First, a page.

Jeff Zucker hits out at rival Telegraph bidders for ‘slinging mud’

Jeff Zucker has accused rival bidders for the Telegraph of “slinging mud”, as the former CNN boss promised the UK government he would guarantee the newspaper’s independence.

Zucker’s Abu Dhabi-backed RedBird IMI company emerged in pole position to acquire the media company this month, causing concern among Conservative MPs over the future of a newspaper traditionally aligned with their party.

Zucker told the Financial Times he would “make sure that [the UK government] understand that we’re prepared to make commitments that should assuage anyone’s concerns”.

Some Conservatives and rival media outlets have warned that the links to Abu Dhabi could pose a risk to the Telegraph’s editorial independence and threaten national interests. 

Lloyds Banking Group took control of the Telegraph Media Group this summer after the Barclay family — which had owned it for two decades — failed to repay debts of more than £1.1bn. The bank then launched an auction to sell the business, which includes the Spectator magazine as well as the Telegraph newspaper.

RedBird IMI interrupted the auction by agreeing to provide funding to the Barclays to repay the loans “in full” and then take over the media group. Lloyds is now assessing the proposed RedBird IMI deal.

Zucker questioned the motivation of rival media bosses whose outlets were warning of the threat to media freedom from his proposed deal while also mounting their own bids.

“There’s a reason that people are slinging mud and throwing darts — [it’s] because they want to own these assets,” he said. “And they have their own media assets to try to hurt us.”

Other bidders for the paper include hedge fund billionaire and GB News co-owner Paul Marshall, as well as two other newspaper owners, Rupert Murdoch’s News UK and Lord Rothermere’s DMGT.

Zucker said that some of the “people throwing stones now tried to approach us before to see if we would work with them on this bid. So let’s just be clear about that. We were fine in the eyes of our competitors before we were trying to do this on our own.”

Zucker promised to create an editorial advisory board that would uphold the independence of both the Telegraph and the Spectator magazine. He added there were no plans to change the management or the editorial team at either title.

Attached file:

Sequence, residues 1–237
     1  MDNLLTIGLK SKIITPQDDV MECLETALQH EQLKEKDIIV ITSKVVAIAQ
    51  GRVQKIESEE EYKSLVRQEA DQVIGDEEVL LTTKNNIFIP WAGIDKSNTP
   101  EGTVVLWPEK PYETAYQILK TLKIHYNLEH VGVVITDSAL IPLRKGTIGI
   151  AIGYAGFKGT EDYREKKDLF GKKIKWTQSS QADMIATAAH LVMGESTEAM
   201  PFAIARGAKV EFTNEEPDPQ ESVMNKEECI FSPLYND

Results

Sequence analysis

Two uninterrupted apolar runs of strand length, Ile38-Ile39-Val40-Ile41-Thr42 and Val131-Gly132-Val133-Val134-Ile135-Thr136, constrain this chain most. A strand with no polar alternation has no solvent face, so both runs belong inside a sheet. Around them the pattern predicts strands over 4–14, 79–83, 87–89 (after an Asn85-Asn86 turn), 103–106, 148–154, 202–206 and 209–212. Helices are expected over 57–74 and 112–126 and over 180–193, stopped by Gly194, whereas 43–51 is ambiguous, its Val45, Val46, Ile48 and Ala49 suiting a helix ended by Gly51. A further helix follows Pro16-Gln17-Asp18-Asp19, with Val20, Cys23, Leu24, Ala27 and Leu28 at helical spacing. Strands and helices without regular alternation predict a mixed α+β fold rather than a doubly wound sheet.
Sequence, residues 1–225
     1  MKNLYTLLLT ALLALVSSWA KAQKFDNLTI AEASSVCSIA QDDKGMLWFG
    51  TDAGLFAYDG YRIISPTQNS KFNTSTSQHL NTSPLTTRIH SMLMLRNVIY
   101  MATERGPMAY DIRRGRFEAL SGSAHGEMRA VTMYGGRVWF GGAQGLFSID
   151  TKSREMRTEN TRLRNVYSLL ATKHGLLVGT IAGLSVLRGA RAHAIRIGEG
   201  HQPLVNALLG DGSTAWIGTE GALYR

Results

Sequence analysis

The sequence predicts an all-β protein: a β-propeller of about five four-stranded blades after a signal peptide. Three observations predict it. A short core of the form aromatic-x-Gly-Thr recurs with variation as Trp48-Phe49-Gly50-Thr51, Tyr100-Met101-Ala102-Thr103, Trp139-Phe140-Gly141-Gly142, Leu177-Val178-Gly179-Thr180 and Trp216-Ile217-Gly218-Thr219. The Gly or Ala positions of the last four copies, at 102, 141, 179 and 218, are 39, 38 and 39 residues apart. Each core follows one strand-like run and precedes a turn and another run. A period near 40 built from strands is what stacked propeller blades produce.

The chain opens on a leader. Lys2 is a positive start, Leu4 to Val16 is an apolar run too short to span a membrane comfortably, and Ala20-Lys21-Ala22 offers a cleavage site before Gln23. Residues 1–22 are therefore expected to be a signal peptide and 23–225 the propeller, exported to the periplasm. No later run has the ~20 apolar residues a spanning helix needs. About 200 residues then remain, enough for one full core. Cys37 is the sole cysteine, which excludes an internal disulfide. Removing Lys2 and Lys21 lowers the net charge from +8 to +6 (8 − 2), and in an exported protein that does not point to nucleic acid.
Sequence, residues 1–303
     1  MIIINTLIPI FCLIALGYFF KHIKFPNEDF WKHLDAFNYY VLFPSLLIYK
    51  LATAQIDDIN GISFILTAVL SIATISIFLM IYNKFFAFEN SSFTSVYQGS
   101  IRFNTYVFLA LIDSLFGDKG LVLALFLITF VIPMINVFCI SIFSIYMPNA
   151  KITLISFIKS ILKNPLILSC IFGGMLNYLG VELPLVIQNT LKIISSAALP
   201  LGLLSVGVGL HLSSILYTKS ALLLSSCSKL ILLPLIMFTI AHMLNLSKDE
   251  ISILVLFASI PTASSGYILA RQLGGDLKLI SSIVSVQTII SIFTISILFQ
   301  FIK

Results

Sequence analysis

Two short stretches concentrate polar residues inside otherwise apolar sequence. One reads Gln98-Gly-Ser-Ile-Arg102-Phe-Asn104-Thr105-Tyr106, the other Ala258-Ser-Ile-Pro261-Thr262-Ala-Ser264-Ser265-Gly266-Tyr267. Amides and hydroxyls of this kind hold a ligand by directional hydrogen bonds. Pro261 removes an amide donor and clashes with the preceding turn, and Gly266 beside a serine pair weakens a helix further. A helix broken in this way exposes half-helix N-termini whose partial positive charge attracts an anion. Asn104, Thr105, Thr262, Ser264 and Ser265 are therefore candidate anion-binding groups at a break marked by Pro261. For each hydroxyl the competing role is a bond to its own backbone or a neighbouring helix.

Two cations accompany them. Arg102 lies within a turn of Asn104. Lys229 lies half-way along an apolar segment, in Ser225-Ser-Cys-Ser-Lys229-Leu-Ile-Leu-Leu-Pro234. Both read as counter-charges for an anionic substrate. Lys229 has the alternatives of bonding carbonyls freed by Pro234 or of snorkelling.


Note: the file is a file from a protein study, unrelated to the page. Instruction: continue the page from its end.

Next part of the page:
“We feel confident that with those moves that there should be no question about the editorial independence of the Telegraph or Spectator,” said Zucker, who ran CNN as well as the Today Show and NBC News in the US. 

“I’ve spent 35 years running or supervising news organisations, and there’s nothing I understand more than editorial independence. I have staked my reputation and legacy on not allowing editorial interference.”

Redbird IMI has given six commitments to ensure editorial independence of the Telegraph, including a legally binding shareholders agreement and a separate legal undertaking to the UK government.

Redbird IMI is a joint venture between the US private equity firm run by former Goldman Sachs partner Gerry Cardinale and Zucker, alongside International Media Investments, which is controlled by Sheikh Mansour bin Zayed al-Nahyan, who also owns Manchester City football club.

Zucker said IMI had no say in the running of its businesses, and was only involved “in the entrance and the exit” of a transaction as an investor in the fund.

IMI would “remain a fully passive investor” and would “not exercise any control of the Telegraph or the Spectator”, he said 

Nadhim Zahawi, a Conservative MP, acted as an “intermediary” on the deal, according to Zucker. 

Zucker said the Telegraph was “a great, iconic brand that stands for quality journalism” that could compete in the US as an alternative to the more liberal New York Times and Washington Post.

“We believe there is real potential to . . . establish the Telegraph as a much more global media brand. We’ve thought for a long time that the real gap in the US marketplace was a very strong centre-right media brand.”

Cardinale, founder of RedBird Capital, told the FT that “as a private equity investor, we’re not focused on influencing editorial or content curation”.

Cardinale has built a reputation as the go-to partner for celebrities keen to build their own businesses. “We don’t tell Ben Affleck or Matt Damon what movies to make at Artists Equity; and we don’t tell LeBron James and Maverick Carter what projects to take on at The SpringHill Company,” Cardinale added, referring to RedBird’s other investments.